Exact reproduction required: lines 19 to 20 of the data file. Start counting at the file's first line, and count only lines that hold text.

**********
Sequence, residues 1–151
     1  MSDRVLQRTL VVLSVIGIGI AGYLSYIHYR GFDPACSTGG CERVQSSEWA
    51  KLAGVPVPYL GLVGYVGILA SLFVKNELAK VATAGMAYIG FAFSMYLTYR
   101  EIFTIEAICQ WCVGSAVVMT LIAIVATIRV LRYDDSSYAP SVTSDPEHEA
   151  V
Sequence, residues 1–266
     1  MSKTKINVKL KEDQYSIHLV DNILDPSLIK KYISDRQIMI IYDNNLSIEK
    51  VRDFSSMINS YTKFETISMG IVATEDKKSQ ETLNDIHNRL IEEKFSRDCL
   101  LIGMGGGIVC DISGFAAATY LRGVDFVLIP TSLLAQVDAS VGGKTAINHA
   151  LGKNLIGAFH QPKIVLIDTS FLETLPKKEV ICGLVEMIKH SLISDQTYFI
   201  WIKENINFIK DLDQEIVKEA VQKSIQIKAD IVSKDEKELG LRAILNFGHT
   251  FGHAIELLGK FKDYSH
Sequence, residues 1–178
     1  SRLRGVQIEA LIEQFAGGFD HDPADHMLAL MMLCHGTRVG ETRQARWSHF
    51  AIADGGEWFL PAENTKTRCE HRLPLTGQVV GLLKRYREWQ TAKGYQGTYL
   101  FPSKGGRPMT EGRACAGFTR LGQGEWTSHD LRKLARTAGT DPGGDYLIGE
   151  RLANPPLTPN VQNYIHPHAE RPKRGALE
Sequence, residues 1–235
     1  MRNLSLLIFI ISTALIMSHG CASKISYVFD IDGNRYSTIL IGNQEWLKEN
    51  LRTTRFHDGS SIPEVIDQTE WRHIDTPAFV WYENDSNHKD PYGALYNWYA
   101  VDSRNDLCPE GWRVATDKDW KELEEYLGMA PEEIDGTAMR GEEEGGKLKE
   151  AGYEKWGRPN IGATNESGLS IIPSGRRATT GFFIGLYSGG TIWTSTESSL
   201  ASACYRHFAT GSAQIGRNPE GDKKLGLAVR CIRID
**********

     1  MRNLSLLIFI ISTALIMSHG CASKISYVFD IDGNRYSTIL IGNQEWLKEN
    51  LRTTRFHDGS SIPEVIDQTE WRHIDTPAFV WYENDSNHKD PYGALYNWYA